Sunday, 13 March 2016

Reveries of libraries, the thirteenth : AUDEN AUTUMNS

 Philip Harvey
On any one day he could be brilliant, encyclopaedic, and then doddery. In Oxford in premature old age W.H. Auden would repeat himself. Hosts sometimes found him staring at a bookcase of his published works. The biographer says, “he kept going to the shelves and looking at copies of his own books.” This little library, relatively speaking, contained very many of the very many volumes of Auden. Yet it was vast in its scale if you were Auden, staring at his entire life’s work and remembering. Remembering what? The decades, the friends, the victories, the defeats. Everything and nothing? Time will say nothing but I told you so. Oxford the last time was his autumn. None of us can be Auden.

Most writers and poets do not start with a plan to make books. They start wanting to write. Books come later and when they come the world of books can envelope them. Very many envelopes to publishers, editors, colleagues, reviewers went from Auden’s hand. Writers’ adult lives turn into a book advance, a book chase, a book war. Since at least the 18th-century books became a contest about books. Born into such a world Auden was, we could say, a bookman from childhood. The move from making words into poetry to making poetry into books are supposedly logical moves in a print culture that values words. This is problematised when the same culture prizes sales and celebrity ahead of the words and their meanings, but that’s another matter. Auden lived out his life engaged in the contest of books, which means he himself accumulated quite an armoury. He would say, “Some books are undeservedly forgotten; none are undeservedly remembered.” The drive to be among the remembered forced Auden to keep making books. For he also knew that a good book, like any good poem, is not about the object itself but about how its contents speak to us. As he remarked, “A real book is not one that we read, but one that reads us” Until the words speak to us in our place and time all we are doing is reading. We, listeners and readers, are fallible, but infallible about words that affect us. The book-object itself, that riffling thing of paper and glue, is merely container, status symbol, performance indicator, carrier, hand weight and relic.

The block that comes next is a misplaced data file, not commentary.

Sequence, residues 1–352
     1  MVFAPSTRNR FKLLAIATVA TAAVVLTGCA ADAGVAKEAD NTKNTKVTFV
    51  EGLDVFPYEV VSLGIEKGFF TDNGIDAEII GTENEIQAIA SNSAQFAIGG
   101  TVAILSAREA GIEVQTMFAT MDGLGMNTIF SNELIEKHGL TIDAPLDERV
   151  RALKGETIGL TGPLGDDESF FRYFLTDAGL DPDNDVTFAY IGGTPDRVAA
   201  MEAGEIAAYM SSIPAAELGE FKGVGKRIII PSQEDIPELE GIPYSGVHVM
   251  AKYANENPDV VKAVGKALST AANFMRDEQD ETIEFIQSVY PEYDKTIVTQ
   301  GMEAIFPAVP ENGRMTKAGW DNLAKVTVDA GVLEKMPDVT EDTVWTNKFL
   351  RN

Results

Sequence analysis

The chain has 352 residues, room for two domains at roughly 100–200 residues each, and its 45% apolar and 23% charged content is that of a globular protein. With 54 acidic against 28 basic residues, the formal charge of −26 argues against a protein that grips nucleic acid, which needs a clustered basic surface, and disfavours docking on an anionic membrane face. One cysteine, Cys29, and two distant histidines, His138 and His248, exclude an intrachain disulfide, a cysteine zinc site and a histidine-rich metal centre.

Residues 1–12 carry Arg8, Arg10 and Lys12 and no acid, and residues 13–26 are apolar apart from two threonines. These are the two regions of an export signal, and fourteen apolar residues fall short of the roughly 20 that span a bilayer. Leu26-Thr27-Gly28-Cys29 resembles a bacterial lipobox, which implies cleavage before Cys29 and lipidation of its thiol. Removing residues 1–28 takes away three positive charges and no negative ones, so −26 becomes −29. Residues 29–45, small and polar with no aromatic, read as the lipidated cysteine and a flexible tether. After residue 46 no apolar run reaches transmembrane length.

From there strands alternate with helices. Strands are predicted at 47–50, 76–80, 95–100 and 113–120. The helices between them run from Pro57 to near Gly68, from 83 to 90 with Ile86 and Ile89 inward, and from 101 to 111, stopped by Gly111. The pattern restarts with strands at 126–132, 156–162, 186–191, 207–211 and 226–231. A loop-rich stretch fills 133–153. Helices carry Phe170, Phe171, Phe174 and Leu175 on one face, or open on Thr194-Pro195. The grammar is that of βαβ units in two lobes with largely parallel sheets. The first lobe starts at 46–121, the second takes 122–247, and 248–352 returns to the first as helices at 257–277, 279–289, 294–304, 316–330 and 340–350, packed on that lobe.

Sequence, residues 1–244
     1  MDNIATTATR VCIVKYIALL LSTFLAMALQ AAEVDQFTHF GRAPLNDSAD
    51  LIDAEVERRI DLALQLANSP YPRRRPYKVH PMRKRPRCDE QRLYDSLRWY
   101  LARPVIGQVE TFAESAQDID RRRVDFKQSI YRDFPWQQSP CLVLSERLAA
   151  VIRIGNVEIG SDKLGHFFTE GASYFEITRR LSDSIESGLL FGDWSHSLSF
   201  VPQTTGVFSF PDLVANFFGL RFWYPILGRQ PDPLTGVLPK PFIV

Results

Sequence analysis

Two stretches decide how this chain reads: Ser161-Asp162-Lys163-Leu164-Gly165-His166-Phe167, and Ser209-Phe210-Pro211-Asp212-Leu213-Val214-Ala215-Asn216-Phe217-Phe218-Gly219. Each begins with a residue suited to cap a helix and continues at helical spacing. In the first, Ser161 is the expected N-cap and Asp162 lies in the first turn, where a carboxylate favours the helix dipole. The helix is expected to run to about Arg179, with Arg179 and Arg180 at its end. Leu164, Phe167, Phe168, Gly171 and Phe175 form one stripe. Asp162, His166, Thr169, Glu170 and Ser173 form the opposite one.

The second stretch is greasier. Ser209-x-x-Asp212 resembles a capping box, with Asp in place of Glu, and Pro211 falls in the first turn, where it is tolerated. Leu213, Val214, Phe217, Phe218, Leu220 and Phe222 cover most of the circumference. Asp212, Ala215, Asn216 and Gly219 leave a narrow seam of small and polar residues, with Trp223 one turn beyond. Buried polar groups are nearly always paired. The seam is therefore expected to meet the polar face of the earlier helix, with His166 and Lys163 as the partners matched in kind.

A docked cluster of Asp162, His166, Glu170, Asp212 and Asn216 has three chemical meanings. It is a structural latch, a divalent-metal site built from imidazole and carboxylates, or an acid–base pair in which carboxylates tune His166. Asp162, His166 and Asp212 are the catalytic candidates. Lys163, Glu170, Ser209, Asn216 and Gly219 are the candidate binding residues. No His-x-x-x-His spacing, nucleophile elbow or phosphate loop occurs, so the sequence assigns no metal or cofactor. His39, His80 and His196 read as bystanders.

In one late poem Auden ponders what works he may have written “if I was good.” The double meaning gives insight into this poet’s worldview, raising questions for all of us. If his writing was really “good”, in the sense of writing that was even greater and truer and more beautiful than anything Auden actually wrote in his life, what would that look like? Because he is troubled by the awareness that poetry is “born in sin”, a belief expressed in the epigraph to his Collected Poems, he must imagine what he may have written that was not “born in sin”. Very many of Auden’s poems are driven by this haunting concern. Then also, Auden’s sense of excellent goodness in writing drove both his creative and critical life. A writer like Auden reworked old poems and was never completely at ease, always striving to say something new and good. We consider him staring at his books in Oxford in autumn in old age, perhaps wondering what else he may have written, if he was good. Good too in the moral sense of being full of virtue and producing good works, rather than the messy and sometimes selfish person he knew himself to be. The image is kind of Dantesque, a poet fixed in time at the end of his life, standing before his library, thinking in reverie of what was, what had to be, and what could have been.

Quote from ‘W.H. Auden: a Biography’ by Humphrey Carpenter. George Allen & Unwin, 1981, page 445.

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